I still have to pinch myself when thinking about how Microsoft now needs to catch up with Apple in tablet computing. I got my first tablet in 2003, yes seven years ago, and it ran Windows. Now despite seven years of product refinement it is obvious that Windows tablets miss the mark that Apple has hit with its first attempt – though drawing heavily on what it learnt with the equally successful iPhone. I see iPads all over the place, in business as well as elsewhere, and it seems to me that the success of a touch interface on this larger screen signifies a transition in personal computing that will have a big impact.

Google Android was a hit

Just when Apple seemed to have the future of mobile computing in its hands, Google’s Android alternative took off, benefiting from mass adoption by everyone-but-Apple among hardware manufacturers. Android is not as elegantly designed or as usable as Apple’s iOS, but it is close enough; and it is a relatively open platform that runs Adobe Flash and other apps that do not meet Apple’s approval. There are other contenders: Microsoft Windows Phone 7; RIM’s QNX-based OS in the PlayBook; HP’s Palm WebOS; Nokia Symbian and Intel/Nokia MeeGo – but how many mobile operating systems can succeed? Right now, all we can safely say is that Apple has real competition from Android.

HP fell out with Microsoft

Here is an interesting one. The year kicked off with a press release announcing that HP and Microsoft love each other to the extent of $250 million over three years – but if you looked closely, that turned out to be less than a similar deal in 2006. After that, the signs were even less friendly. HP acquired Palm in April, signalling its intent to compete with Windows Mobile rather than adopting it; and later this year HP announced that it was discontinuing its Windows Home Server range. Of course HP remains a strong partner for Windows servers, desktops and laptops; but these are obvious signs of strain.

The truth though is that these two companies need one another. I think they should kiss and make up.

eBook readers were a hit

I guess this is less developer-oriented; but 2010 was the year when electronic book publishing seemed to hit the mainstream. Like any book lover I have mixed feelings about this and its implications for bookshops. I doubt we will see books disappear to the same extent as records and CDs; but I do think that book downloads will grow rapidly over the next few years and that paper-and-ink sales will diminish. It is a fascinating tech battle too: Amazon Kindle vs Apple iPad vs the rest (Sony Reader, Barnes and Noble Nook, and others which share their EPUB format). I have a suspicion that converged devices like the iPad may win this one, but displays that are readable in sunlight have special requirements so I am not sure.

HTML 5 got real

2010 was a huge year for HTML 5 – partly because Microsoft announced its support in Internet Explorer 9, currently in beta; and partly because the continued growth of browsers such as Mozilla Firefox, and the WebKit-based Google Chrome, Apple Safari and numerous mobile browsers showed that HTML 5 would be an important platform with or without Microsoft. Yes, it is fragmented and unfinished; but more and more of HTML 5 is usable now or in the near future.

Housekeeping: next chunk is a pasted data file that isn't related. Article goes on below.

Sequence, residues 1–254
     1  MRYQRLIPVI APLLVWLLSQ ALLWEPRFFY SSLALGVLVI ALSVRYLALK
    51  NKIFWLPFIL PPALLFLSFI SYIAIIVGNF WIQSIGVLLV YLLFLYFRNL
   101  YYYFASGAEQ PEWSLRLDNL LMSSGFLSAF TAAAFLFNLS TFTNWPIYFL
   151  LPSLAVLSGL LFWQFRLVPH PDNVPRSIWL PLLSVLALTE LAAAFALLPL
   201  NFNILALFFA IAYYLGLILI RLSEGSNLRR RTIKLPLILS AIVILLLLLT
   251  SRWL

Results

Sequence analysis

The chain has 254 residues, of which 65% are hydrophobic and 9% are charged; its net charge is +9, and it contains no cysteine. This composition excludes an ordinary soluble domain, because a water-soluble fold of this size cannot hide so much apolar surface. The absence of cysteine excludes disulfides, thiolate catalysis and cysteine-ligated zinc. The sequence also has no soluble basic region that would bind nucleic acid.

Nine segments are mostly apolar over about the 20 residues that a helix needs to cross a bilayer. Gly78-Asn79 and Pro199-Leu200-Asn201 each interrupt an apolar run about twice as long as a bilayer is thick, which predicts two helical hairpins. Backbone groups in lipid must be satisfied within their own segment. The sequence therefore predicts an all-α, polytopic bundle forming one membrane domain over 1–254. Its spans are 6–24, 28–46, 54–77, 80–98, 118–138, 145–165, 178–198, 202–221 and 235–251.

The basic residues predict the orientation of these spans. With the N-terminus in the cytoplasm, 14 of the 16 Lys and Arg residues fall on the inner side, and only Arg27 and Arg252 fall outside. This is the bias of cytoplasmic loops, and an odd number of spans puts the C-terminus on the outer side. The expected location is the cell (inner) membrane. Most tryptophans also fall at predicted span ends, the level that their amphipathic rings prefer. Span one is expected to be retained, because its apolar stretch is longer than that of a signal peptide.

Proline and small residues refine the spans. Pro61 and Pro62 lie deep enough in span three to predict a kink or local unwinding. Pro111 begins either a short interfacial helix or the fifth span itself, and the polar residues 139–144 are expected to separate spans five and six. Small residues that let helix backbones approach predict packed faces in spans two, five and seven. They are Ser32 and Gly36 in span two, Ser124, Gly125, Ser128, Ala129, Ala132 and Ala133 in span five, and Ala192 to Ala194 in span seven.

Adobe Flash survived Apple and HTML 5

2010 was the year of Steve Jobs’ notorious Thoughts on Flash as well as a big year for HTML 5, which encroaches on territory that used to require the services of a browser plug-in. Many people declared Adobe Flash dead, but the reality was different and the company had a great year. Apple’s focus on design and usability helps Adobe’s design-centric approach even while Apple’s refusal to allow Flash on its mobile computers opposes it.

Windows 7 was a hit

Huge relief in Redmond as Windows 7 sold and sold. The future belongs to mobile and cloud; but Windows is not going away soon, and version 7 is driving lots of upgrades as even XP diehards move over. I’m guessing that we will get first sight of Windows 8 in 2011. Another triumph, or another Vista?

Google’s web app vision: use our store

I’m at the Future of Web Applications conference in London, a crazy mixture of tips for web start-ups and general discussion about application development in a web context. The first session was from Google’s Michael Mahemoff who enthused about HTML5 and open web standards, while refusing to be pinned down on what HTML5 is, which standards are in and which may in the end be out.

Microsoft is here showing off IE9; but one of my reflections is that while the HTML5 support in IE9 is impressive in itself, there are going to be important parts of what, say, Google considers to be part of HTML5 that will not be in IE9, and given the pace of Microsoft’s browser development, probably will not turn up for some time. In other words, the pressure to switch to Chrome, Firefox or some other browser will likely continue.

I digress. Mahemoff identified four key features of web apps – by which he means something different than just an application on the web. These are:

  • Local storage – encompassing local storage API and also local SQL, though the latter is not yet well advanced
  • Application cache – Cache Manifest in HTML 5 that lets your app run offline
  • Local installation – interesting as this is something which is not yet widely used, but clearly part of Google’s vision for Chrome, and also in IE9 to some extent.
  • Payments